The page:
24. Trust and Honesty: American's Business Culuture At a Crossroad, by Tamar Frankel. American's are becoming more accepting and tolerate of dishonesty and financial shenanigans. Author says that is terrible and we must change.
25. Minimum Wage, by David Neumark and William Wascher. Authors argue that minimum wages do not achieve the goals they are supposed to, and then offer other ways to help the poor and low-skilled workers in our country.
26. Going to Extremes: How Like Minds Unite and Divide by Cass R. Sunstein. " Homogenous groups of like-minded people tend to adopt more extreme positions than groups with a diversity of opinions." This book discusses the implications of that assertion for many realms of life.
27.Elsewhere, U.S.A.: How We Got from the Company Man, Family Dinners, and the Affluent Society to the Home Office, BlackBerry Moms, and Economic Anxiety by Dalton Conley. Discusses the impact of changes in technology, society and the economy have reshaped not only our working world, but our indivdiual lives as well.
28. How Will you Measure Your Life? by Clayton Christensen, James Allworth and Karen Dillon
1. What Color Is Your Parachute?, by Richard Nelson Bolles. Ten Speed Press. An excellent practical manual for job hunters and career changers. It covers aptitudes, the secrets of successful job hunting, rejection shock, a resource list of books, where the best jobs are, etc.
2. The Five Minute Interview, by Richard H. Beatty John Wiley & Sons, Inc. Discusses types of interviews, interview techniques, advance preparation, hundreds of common interview questions, interview strategy, and questions you'll need to ask.
3. Never Work For a Jerk by Patricia King, Dell Books. A very interesting book that describes many types of bosses that you could possibly work for. The chapter titles give a good clue to the book's content: Ignoramuses and Incompetents; Devils, Scoundrels, Liars, Thieves, and Snakes in the Grass; Slave Drivers, Bullies, Tyrants, and Dictators; Cheapskates; etc. Reading the book my help you avoid working for such a boss!
4. The 7 Habits of Highly Effective People, by Stephen R. Covey, Free Press. Only about 10 million copies of this book have been sold. Helps you determine what your life's mission is and then how to achieve it. Great read!
5. A Life of Being, Having, and Doing Enough by Wayne Muller. (From Amazon.com: “In a world seduced by its own unlimited potential, rather than feeling omnipotent we feel powerless and overwhelmed by impossible responsibilities. This is because we have forgotten what enough feels like...”). And Sabbath: Finding Rest, Renewal, and Delight in Our Busy Lives by Wayne Muller. (From Amazon.com: “In today's world, with its relentless emphasis on success and productivity, we have lost the necessary rhythm of life, the balance between work and rest. Constantly striving, we feel exhausted and deprived in the midst of great abundance. We long for time with friends and family, we long for a moment to ourselves.”). I've not read these books, but I've heard Muller speak.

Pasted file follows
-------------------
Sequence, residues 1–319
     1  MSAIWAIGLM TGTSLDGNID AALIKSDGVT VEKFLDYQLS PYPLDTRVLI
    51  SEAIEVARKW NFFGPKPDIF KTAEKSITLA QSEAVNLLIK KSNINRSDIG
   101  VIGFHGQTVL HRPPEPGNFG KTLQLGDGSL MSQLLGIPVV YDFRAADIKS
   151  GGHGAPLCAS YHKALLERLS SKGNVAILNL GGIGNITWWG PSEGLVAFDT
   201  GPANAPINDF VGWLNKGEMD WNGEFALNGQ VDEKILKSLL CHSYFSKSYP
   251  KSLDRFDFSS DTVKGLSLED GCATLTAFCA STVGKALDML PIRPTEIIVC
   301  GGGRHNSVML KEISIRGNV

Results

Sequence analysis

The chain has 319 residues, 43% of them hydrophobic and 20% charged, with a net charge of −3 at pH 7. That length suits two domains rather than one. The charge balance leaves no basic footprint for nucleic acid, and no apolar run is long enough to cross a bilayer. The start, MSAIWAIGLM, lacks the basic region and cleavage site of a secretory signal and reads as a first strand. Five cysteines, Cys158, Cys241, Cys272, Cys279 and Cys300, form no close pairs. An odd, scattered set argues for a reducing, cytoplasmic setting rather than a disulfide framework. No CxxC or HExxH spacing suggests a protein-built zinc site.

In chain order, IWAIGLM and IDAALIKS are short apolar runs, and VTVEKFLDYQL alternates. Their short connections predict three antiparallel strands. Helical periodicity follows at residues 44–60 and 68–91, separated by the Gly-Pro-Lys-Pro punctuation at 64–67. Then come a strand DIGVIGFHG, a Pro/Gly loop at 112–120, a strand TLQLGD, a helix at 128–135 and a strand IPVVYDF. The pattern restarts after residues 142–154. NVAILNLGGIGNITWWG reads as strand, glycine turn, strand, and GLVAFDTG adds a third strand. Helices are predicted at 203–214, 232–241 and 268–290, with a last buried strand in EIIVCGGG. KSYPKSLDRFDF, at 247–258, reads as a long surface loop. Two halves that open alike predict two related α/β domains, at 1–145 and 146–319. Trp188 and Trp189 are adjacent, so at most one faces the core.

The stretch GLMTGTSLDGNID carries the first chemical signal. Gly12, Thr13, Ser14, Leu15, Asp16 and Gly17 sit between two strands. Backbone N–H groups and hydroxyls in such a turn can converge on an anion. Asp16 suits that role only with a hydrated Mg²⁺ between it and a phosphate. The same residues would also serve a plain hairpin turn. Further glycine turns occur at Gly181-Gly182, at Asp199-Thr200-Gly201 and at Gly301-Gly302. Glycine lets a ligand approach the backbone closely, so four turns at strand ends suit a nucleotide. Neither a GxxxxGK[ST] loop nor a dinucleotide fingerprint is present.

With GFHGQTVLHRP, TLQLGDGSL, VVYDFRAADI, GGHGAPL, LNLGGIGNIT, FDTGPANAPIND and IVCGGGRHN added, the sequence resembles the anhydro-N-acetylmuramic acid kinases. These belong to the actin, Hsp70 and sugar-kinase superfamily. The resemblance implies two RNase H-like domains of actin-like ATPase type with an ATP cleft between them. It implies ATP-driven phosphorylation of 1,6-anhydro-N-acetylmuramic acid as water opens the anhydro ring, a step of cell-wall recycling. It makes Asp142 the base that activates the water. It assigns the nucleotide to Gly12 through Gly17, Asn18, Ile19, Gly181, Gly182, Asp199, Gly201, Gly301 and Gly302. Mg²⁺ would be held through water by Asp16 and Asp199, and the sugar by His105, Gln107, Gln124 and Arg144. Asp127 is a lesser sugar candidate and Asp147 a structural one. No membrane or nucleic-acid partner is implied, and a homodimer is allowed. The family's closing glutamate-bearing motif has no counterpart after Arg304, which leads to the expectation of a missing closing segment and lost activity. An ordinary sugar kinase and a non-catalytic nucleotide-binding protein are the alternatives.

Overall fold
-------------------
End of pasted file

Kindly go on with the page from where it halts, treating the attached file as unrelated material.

6. Breaking Free: How to Quity Your Job and Start Your Onw Business by Chris Lauer. From Amazon.com: " Featuring real stories about the initial spark that motivated individuals to pursue independence and entrepreneurship, Breaking Free follows a variety of entrepreneurs as they move from their jobs as employees to the ranks of the self-employed. It also covers the nuts and bolts of self-employment—pricing and marketing services, keeping an eye on the bottom line, and growing the business, among other topics. In addition, Lauer focuses on the advances in technology that make self-employment easier today than ever before." see http://www.amazon.com/Breaking-Free-Start-Business-ebook/dp/B002AS9RVI/ref=sr_1_1?s=gateway&ie=UTF8&qid=1285599761&sr=8-1.
1. ESPN: The Story and Lessons Behind the Most Fanatical Brand in Sports, Anthony F. Smith and Keith Hollihan, Wiley.